Interview with George Saunders in the White Review

A little less than a year ago I turned in a Master’s dissertation on George Saunders (mostly), the crowning jewel of which was twenty page appendix containing our email exchange – my fumbling questions and his generous answers – in their raw, effusive, and original form. Now The White Review will be publishing selections from that transcript in their Issue No. 17. You can buy it when it’s released 13 July, or you can read my interview now online.

You can also read Aidan Ryan’s interview with George Saunders, in which the great writer reminds us that fiction ‘encourages us to step out of ourselves and into someone else … de facto a moral experience’. This conversation offers hope that art and literature can change the way we think, and by extension the way we act.

–         from The White Review Issue No. 17 release teaser

I came to Edinburgh in late summer 2014  with the vaguest of inclinations that I wanted to write about George Saunders, who’d changed my understanding of what was possible in the short story form with his collection Tenth of December, which had been released the year prior, and what I sensed was not only the central concern of his stories, but the key to their mechanics. This, I thought, was a movement toward or away from greater kindness, greater empathy, and greater community. The phrases “telos of kindness” and “the ever-expanding first-person plural” echoed off the sides of what was at that point my rather empty skull (I would abandon both by the time I sent the paper to the printers) and it was with these in mind one September afternoon that I climbed the Salisbury Crags in Edinburgh, a copy of Saunders’ debut collection CivilWarLand in Bad Decline in my hand, looking for some comfortable outcrop to suit me as I searched his pages for the seed of a Master’s dissertation proposal. Thankfully Edinburgh’s summer days are long – I finished the stories before the sun set, walked back through the gorse into the moil of the city with a topic, an angle, and a sense of awe that carried me through the long months to follow.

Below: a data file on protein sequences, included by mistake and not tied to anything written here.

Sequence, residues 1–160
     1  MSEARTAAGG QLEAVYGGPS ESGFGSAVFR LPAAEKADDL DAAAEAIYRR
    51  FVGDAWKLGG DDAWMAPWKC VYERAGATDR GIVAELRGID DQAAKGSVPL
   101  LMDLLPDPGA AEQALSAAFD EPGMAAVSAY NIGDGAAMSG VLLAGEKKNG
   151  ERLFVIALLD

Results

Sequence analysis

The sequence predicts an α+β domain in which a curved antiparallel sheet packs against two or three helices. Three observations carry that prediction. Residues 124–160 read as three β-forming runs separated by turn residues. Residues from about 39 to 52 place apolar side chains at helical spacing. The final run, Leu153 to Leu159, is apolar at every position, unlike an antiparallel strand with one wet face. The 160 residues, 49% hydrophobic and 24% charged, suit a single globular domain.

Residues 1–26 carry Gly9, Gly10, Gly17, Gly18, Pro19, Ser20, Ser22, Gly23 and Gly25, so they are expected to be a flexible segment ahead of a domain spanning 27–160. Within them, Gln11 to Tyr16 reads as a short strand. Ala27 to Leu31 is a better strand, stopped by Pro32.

At first I thought I’d rather cross Catullus on a bad day than risk, in an email to Saunders, the Chicago-born saint recognizing some slippage of smallness or meanness in a hasty clause or a postscript — but by June of 2015 my inquiry had expanded to include David Foster Wallace, Roland Barthes, Fredric Jameson, and M.M. Bakhtin, and amounted to an unwieldy tower of handwritten notes on yellow legal paper, organized via paperclips and bobby pins (which work almost as well) that I’d found on the floor of the postgraduate study suite. I needed something to help shape the research, I needed justification to avoid writing about the less interesting angles that I knew by intuition were irrelevant but out of duty had explored, and I couldn’t pass up the opportunity, unavailable to many of my colleagues, writing on Joyce and McCullers and John Williams, of corresponding with a living author.

Well, for a while, the first-person plural expanded to include George and I — his famous generosity reached me in successive, somehow gentle shockwaves carried across the Atlantic. I will never forget receiving his reply, straight to my phone while sitting with a friend in Edinburgh’s Cult Espresso. I think I looked back up from my phone an hour later: my friend was gone, my coffee cold, and I was moving through that sort of awe that the best short stories give us.

Unusually, I can now say without glibness or irony that the rest is literary history. You can read it in The White Review.

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